NYRX will mail as many cards you desire, directly to your office, with display stands. The cards typically are placed at the patient checkout area.  Additionally, some doctors place them at the check-in area too. Contact for your cards!
Canopy translator makes it easier to communicate with patients   
NYCMS is pleased to provide its members with the Canopy Medical Translator, a free download for our members.  Canopy has been supported by the NIH to create a next-gen translator app for medicine.  Don't wait for a translator to show up, or worry about finding a "translator" phone in your hospital. You have the app and you have the access with Canopy!  It lets you communicate with patients in Spanish, Chinese, Arabic, and more. To see how it works, watch the video. Society members will get access to the app for free (value of $250). There are a limited number of free licenses, so act fast!  Use access code 9333 to unlock the app after downloading:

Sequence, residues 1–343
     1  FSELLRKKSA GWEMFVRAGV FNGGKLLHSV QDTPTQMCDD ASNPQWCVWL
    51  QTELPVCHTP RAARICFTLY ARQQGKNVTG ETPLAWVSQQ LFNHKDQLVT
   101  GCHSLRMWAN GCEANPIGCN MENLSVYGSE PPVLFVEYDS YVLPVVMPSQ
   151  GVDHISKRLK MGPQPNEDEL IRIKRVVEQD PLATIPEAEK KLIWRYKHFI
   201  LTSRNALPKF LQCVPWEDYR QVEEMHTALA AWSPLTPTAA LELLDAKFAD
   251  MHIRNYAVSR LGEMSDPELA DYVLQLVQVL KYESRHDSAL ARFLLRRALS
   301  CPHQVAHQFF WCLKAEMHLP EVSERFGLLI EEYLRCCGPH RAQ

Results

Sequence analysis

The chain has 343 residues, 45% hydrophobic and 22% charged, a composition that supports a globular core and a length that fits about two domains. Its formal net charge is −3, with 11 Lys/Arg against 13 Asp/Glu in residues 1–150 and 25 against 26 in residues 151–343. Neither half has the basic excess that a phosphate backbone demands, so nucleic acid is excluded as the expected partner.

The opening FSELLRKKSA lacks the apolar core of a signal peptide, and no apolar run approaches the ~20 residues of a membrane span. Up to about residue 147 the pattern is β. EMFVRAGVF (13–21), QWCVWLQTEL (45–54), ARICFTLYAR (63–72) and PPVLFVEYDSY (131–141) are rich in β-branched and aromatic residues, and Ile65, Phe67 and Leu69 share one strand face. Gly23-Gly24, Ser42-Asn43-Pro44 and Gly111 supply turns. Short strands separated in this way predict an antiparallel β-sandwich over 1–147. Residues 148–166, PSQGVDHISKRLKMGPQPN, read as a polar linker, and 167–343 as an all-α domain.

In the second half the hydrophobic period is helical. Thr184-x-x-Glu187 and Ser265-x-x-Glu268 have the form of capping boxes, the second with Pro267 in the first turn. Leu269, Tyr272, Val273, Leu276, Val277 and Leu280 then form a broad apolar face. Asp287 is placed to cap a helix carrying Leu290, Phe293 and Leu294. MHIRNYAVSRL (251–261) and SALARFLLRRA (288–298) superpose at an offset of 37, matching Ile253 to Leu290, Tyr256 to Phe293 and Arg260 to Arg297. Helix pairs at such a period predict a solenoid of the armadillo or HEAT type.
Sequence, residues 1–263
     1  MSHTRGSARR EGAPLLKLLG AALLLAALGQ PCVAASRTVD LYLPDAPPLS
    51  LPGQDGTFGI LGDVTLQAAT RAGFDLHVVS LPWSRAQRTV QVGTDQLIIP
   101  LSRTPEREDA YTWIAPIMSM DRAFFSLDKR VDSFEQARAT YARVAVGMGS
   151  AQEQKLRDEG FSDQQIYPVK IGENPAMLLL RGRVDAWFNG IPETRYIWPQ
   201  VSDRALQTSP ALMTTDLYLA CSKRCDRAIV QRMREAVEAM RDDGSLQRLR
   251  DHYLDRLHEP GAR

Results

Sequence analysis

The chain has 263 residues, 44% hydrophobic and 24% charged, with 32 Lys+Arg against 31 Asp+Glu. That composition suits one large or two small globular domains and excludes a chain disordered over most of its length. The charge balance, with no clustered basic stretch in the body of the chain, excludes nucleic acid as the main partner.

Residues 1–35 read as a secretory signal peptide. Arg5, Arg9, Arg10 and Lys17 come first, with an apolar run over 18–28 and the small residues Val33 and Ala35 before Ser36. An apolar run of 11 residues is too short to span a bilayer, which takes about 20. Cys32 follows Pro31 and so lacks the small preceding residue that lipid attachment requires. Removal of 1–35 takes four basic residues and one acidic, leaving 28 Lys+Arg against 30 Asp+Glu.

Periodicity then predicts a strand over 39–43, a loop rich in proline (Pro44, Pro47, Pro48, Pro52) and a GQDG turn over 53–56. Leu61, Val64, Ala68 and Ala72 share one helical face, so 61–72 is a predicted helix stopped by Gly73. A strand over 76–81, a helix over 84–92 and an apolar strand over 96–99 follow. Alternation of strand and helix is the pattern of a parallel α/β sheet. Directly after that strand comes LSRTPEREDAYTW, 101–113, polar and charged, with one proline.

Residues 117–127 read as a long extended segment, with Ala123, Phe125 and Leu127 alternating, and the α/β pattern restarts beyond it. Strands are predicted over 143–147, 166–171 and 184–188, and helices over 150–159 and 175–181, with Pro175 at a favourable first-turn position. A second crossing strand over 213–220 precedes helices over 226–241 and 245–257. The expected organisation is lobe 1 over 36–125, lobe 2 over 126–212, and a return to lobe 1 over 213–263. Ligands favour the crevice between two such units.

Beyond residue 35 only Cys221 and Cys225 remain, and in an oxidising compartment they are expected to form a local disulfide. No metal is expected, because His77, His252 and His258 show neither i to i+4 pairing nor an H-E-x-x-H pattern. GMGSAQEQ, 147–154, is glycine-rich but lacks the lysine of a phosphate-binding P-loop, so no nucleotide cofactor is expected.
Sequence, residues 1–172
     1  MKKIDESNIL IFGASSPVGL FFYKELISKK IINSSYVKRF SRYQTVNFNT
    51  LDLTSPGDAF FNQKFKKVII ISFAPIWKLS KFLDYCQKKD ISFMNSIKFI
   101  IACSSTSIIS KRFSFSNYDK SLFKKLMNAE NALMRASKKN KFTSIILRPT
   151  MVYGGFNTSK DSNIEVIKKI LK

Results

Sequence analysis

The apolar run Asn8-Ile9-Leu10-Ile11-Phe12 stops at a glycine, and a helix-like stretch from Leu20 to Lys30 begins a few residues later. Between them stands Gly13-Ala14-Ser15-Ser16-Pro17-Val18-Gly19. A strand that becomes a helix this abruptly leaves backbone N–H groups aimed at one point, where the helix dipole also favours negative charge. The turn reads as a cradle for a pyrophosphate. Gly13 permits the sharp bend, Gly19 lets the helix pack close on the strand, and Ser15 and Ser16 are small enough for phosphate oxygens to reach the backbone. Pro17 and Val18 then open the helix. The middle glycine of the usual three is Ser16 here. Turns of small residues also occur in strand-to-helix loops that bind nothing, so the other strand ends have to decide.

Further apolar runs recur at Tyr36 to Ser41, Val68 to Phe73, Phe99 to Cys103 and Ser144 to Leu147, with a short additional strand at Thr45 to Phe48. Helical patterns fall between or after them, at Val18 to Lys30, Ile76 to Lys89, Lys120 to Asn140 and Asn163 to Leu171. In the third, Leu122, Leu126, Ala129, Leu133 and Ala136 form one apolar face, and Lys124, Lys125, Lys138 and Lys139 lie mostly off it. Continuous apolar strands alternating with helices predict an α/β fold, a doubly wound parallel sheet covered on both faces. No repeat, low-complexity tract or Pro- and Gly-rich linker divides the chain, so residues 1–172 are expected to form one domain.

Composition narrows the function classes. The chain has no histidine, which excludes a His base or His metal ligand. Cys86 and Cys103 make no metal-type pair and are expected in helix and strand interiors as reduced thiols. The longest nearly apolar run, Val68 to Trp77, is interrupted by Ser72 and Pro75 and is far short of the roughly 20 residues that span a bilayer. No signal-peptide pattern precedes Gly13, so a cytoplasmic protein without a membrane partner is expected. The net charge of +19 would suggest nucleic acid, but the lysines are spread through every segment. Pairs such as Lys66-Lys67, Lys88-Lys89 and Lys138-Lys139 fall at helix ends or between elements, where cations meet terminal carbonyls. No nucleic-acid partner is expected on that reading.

• For iOS - you can search on the App Store or click here (If using an iPad, switch the search to "iPhone Only"):  
PhoneRover solves your patient communication needs
PhoneRover makes sure that your patients have the information they need about your practice when they’re on hold, as well as giving you ways to reach out for appointment reminders, checkup reminders, office closings and more.  Discounted for Society members - AND you get the easy computer Standard Health on Hold channel at no charge. NYCMS members:  Call the Society at 212-684-4670. 
Be a hero to your patients with Good Rx